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Gorge on rasogolla to sweeten your words
- Research links sugar with control over tongue, throws light on great Bengali riddle

New Delhi, Oct. 11: Science may have solved that great mystery of Bengali life: why are Ghotis sweet-talking and Bangals outspoken?

Simple, it’s because Ghotis — those native to western Bengal — add a liberal dash of sugar to everything they cook, a habit that earns them no end of scorn from the eastern, chilli-loving Bangal.

Sugar doesn’t just make your food or drink sweet, it makes you sweeter too, Dutch and American psychologists have found out.

Bengalis, of course, always knew this — remember how grandmas insist that a baby be given a spoonful of honey immediately after birth so that it learns to speak sweet words?

The researchers now have a scientific explanation: sweet food or drinks raise blood sugar levels, supplying the brain with the fuel needed to suppress outspoken opinions.

Psychologists at the University of Amsterdam and the Florida State University have found that people with lower glucose levels are more likely to use stereotypes when describing others. And, if they are also highly prejudiced people, they are more likely to make derogatory statements.

Mathew Gaillot of the University of Amsterdam and his colleagues have reported their findings in the Journal of Experimental Social Psychology.

In their experiments, participants who had received either lemonade laced with sugar or a drink with a sugar substitute were shown a picture of a young man and told his name was Sammy and that he was a homosexual.

Then they were asked to write for five minutes an essay about what Sammy does during a typical day. The participants also had to complete a questionnaire to assess their attitudes towards homosexuals.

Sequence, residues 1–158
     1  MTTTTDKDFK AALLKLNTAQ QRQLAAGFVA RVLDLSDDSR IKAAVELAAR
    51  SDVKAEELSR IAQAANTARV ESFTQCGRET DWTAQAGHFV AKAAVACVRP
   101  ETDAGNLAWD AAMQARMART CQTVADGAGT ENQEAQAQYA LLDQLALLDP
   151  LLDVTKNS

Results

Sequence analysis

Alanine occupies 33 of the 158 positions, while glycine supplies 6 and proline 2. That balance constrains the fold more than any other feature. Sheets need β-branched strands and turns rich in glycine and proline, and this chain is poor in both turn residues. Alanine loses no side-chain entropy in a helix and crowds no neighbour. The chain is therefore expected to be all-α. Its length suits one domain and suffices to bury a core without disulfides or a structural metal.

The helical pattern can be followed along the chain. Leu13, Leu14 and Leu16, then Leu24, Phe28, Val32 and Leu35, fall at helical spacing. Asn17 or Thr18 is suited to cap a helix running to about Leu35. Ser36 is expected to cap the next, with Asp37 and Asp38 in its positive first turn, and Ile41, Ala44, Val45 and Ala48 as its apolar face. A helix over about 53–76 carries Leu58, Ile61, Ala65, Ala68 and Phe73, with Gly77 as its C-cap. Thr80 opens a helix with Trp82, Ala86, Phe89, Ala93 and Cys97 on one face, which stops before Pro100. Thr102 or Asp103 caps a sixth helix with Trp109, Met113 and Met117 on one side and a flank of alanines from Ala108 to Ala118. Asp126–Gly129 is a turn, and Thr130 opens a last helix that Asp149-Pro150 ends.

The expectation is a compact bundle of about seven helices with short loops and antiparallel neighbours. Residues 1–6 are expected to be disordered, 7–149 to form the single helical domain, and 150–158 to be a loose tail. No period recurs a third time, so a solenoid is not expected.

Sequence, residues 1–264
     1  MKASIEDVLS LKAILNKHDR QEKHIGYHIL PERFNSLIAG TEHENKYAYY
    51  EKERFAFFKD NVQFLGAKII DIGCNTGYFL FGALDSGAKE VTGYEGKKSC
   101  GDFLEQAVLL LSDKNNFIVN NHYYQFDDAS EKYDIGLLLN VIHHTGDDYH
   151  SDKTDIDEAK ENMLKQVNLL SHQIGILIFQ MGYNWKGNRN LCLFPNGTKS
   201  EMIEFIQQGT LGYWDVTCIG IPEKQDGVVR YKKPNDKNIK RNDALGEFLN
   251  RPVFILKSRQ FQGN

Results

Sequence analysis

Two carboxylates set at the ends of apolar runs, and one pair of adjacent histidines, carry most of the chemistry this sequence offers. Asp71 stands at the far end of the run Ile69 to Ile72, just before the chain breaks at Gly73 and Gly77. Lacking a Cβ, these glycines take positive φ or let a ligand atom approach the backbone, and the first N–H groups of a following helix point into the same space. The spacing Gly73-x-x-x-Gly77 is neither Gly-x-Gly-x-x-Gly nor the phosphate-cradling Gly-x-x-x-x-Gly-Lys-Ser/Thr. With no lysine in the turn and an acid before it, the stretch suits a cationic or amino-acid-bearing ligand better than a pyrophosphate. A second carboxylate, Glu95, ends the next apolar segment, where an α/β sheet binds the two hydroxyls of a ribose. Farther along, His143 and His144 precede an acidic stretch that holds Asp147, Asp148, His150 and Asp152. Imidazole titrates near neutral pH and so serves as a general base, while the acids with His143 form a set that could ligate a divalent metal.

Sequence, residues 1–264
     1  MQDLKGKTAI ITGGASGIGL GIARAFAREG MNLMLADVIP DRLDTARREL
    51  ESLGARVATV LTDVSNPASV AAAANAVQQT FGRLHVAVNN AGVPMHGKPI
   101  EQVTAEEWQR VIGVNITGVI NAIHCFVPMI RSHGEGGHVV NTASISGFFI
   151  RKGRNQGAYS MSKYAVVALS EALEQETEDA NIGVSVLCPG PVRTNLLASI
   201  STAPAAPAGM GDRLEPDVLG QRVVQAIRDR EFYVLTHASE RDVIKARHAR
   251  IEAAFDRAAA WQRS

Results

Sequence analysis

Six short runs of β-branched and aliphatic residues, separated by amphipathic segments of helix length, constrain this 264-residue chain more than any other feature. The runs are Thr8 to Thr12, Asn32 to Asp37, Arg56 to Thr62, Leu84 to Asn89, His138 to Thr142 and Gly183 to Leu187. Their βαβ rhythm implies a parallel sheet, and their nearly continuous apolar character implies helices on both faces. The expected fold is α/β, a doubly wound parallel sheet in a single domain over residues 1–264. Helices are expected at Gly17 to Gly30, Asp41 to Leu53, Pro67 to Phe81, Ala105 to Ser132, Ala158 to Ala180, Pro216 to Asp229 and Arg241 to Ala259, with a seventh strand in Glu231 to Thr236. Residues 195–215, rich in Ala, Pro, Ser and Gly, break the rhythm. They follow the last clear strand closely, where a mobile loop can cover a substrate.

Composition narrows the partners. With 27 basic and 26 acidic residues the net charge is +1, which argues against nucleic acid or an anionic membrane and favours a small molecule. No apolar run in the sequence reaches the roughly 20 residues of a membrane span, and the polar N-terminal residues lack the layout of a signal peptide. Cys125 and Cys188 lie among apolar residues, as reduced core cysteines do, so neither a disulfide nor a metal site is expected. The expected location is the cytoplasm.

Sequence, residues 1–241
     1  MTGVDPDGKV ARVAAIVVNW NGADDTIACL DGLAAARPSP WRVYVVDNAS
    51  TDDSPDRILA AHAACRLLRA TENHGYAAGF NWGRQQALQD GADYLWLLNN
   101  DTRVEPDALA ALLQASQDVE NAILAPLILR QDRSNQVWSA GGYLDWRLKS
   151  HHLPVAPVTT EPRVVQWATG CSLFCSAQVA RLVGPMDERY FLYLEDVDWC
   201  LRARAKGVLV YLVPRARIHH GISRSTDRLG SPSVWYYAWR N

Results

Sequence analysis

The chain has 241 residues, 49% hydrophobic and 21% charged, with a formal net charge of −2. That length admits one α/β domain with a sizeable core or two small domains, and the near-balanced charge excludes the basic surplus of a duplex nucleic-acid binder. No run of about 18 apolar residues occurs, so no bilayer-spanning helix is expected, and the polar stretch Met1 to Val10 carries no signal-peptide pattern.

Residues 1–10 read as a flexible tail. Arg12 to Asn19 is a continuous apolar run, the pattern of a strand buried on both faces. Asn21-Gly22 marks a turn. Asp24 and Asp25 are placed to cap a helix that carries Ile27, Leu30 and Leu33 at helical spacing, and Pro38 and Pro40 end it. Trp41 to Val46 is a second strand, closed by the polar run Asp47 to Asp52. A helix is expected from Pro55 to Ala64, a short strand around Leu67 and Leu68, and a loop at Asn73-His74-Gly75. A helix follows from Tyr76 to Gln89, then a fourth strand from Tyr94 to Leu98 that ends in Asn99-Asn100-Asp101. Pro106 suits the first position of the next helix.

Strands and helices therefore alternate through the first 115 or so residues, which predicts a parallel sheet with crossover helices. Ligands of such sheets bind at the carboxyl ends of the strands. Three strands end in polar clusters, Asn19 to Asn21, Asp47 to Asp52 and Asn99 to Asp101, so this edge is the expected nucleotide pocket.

When the scientists analysed sugar levels and the responses, they found that people who had drunk the sugar beverage were less likely to use stereotypes in their essay than people who got the drink with the sugar substitute.

Also, those who received the sugar drink used fewer prejudicial statements in the essays describing Sammy’s day.

The data suggest that low blood glucose impairs self-control, the researchers said. Several studies over the past three years have linked low blood glucose to impaired mental processes, negative interpersonal behaviour and poor self-control.

“When people engage in the act of trying to control public expressions of prejudice or the use of stereotypes, they consume the energy required for self-regulation,” the researchers said in their report.

Self-control, they believe, depends on processes that consume glucose as an energy source. When blood glucose level is restored to normal, people regain the ability to control their conscious responses.

“Ensuring that people have sufficient energy for self-control may help to improve their ability to control the public expression of prejudice and the use of stereotypes in their day-to-day life,” Gaillot and his colleagues said.

Their next study could try to find out whether Ghotis are likely to speak with less prejudice against Bangals than vice versa.

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